Wednesday, May 27, 2009

Open Letter to the New York State Board of Elections -- Election Audits Must Be Simple But Effective

A fellow election integrity advocate suggested I post the following as an open letter. It was sent to the NY State Board of Elections (SBoE) on April 20, 2009, a week before they were to meet with the county boards at a conference in Albany. I was told that auditing of elections was going to be on the agenda. Having been involved in the drafting of the relevant regulations, I was prompted to write this note. However, I have heard reports from conference attendees that election auditing was not actually discussed.

Note that the phrase "firm Constitutional ground" in this letter means that Equal Protection derives from an equal chance of detecting incorrect electoral outcomes of contests for the same elected offices in different parts of the State. I did not mean to imply that the use of concealed vote counting would necessarily be constitutional in the first place.

Election Audits Must Be Simple But Effective

Dear Co-Executive Dirs., Co-Chair Kellner and Commissioner Peterson


Thank you for correctly stating in your Apr. 8th letter to the counties that "under some circumstances ... safeguards will possibly escalate what will be required to include a full hand count."

The problem is, without an initial risk-limiting audit sample, there is no way to know whether such an escalation, or any escalation, should or should not occur. The solution can be relatively simple, but NOT as simple as the 3% "spot check" of machines or systems required by EL § 9-211.

In fact, a one-size-fits-all, percentage-based audit would violate Equal Protection by resulting in unequal chances of discovering material discrepancies that could change the outcomes of contests for the same office (e.g., State Senator) in different legislative districts throughout the State. Since the math underlying this is unequivocal, fixed-percentage audits should not be allowed to stand for this reason alone, except as an arbitrary minimum or "floor."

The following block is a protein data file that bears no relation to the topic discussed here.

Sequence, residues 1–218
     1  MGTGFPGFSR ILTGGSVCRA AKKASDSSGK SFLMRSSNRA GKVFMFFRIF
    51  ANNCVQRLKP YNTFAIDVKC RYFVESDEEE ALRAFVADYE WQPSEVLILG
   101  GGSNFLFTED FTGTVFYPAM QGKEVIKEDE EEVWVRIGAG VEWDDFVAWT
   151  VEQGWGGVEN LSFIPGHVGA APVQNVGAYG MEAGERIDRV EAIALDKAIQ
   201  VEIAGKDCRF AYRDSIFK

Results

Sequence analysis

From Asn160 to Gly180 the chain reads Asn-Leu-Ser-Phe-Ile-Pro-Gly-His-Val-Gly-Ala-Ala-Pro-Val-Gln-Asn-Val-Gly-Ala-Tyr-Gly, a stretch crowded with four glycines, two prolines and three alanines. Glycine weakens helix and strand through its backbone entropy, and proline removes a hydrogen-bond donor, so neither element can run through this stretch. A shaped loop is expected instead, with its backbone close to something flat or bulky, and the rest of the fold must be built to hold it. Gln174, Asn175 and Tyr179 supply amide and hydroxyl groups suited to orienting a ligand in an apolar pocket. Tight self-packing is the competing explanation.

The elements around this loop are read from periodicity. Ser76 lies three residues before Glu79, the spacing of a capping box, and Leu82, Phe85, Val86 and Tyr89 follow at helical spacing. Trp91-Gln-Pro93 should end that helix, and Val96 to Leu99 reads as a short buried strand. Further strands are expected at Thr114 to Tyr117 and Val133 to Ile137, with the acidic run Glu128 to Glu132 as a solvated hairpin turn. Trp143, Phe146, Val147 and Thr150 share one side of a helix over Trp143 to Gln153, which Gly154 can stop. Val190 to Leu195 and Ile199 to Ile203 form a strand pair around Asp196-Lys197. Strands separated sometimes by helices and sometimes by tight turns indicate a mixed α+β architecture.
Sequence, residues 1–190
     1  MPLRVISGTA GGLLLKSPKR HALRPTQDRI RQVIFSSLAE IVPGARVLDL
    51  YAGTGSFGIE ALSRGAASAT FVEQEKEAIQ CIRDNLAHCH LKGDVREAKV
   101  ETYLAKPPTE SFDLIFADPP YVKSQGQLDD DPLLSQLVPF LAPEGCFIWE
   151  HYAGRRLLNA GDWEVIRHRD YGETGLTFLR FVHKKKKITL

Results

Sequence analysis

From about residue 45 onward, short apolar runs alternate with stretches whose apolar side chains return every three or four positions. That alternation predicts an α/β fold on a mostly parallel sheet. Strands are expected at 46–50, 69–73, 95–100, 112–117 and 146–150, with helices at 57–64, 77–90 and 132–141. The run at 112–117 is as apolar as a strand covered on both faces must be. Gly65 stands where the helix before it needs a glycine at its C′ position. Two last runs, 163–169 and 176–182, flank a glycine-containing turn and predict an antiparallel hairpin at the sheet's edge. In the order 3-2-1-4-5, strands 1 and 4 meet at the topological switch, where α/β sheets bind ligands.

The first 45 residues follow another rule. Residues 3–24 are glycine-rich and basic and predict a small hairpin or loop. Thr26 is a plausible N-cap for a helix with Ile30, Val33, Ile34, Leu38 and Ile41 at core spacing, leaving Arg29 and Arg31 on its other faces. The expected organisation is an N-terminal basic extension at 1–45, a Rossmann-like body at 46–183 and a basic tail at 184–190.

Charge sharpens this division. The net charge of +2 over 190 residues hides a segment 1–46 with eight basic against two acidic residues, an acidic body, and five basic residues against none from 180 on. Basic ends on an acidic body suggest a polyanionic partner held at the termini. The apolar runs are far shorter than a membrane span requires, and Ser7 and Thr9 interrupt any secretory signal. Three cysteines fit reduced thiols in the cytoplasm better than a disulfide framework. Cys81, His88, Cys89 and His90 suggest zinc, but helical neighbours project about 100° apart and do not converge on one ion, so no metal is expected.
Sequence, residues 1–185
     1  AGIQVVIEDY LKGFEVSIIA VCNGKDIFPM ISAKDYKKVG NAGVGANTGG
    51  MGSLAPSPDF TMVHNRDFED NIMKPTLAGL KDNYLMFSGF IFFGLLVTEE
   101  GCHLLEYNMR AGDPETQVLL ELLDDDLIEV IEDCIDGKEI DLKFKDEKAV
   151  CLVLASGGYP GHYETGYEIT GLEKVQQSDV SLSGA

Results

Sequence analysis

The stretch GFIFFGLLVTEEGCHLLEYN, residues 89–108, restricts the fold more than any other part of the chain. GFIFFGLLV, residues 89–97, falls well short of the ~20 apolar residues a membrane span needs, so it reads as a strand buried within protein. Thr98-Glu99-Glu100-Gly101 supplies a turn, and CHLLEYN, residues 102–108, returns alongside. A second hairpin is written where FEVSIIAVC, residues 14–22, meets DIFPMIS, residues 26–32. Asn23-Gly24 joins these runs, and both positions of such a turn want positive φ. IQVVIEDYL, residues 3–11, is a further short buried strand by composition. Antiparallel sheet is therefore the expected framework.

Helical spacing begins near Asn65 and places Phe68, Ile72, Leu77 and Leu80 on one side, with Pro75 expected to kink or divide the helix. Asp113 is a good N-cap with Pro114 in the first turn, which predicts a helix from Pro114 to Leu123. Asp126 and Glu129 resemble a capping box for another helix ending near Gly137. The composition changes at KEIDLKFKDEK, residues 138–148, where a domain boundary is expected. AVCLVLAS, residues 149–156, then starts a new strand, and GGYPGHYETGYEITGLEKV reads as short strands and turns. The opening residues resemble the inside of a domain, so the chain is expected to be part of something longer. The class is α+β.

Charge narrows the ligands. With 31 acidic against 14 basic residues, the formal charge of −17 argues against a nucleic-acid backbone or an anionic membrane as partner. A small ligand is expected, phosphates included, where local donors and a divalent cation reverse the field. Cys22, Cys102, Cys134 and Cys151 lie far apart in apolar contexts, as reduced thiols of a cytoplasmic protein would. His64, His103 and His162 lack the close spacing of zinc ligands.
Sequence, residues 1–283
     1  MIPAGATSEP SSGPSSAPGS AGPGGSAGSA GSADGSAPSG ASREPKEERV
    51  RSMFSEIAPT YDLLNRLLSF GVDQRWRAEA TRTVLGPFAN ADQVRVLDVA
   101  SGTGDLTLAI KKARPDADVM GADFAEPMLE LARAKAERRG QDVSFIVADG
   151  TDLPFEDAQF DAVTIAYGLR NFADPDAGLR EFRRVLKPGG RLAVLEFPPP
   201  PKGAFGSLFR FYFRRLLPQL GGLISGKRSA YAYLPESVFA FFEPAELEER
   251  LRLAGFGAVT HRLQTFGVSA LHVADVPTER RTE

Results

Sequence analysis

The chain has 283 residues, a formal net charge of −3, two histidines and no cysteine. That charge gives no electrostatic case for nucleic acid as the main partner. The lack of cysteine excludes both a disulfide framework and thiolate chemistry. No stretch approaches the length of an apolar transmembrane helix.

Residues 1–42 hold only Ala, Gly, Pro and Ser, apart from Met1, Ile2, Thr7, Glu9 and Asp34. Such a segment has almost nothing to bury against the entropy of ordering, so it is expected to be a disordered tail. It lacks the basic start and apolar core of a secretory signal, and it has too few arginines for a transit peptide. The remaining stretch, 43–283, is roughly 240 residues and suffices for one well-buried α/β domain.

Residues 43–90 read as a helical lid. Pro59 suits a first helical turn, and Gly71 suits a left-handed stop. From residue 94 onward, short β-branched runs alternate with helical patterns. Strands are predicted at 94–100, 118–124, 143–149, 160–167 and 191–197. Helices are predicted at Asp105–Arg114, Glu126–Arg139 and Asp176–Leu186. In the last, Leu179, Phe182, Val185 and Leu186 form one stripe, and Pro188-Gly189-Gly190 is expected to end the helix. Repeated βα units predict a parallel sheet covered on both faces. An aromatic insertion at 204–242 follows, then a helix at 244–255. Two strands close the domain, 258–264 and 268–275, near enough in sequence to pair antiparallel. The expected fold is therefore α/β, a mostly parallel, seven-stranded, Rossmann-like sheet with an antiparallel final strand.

I believe you will be on firm Constitutional ground by implementing a risk-limiting approach, now endorsed by national groups such as LWV and NY good government groups such as NYPIRG.

The only remaining problem is: how to make it simple.

I've spent a great deal of time on this problem, pro bono, with the help of Dr. Mark Lindeman at Bard College and Dr. Ron Rivest and his colleagues at MIT and Northeastern U. The process of simplification has taken years, but I believe we are at a point now where we can offer NY a very simple but effective method, based on the maximum size of EDs, which I hope will remain at 1,150 active registered voters (but could be adjusted if necessary).

Frankly, I was hoping that by now, we would have received some feedback and possibly an endorsement of this approach from the SBoE. Time may be running out for NY and there is no reason for additional delays in light of the new method I have proposed to Commissioner Kellner, Bob Brehm and Kim Galvin, to simplify the risk-limiting audits.

Please advise when you are ready to discuss this further. You have to present something tenable to the counties in only a few days, and I'd hate to see such an opportunity squandered.

Best regards and thanks for doing your best to protect the franchise,

Howard Stanislevic
Founder, E-Voter Education Project
NY, NY
http://e-voter.blogspot.com

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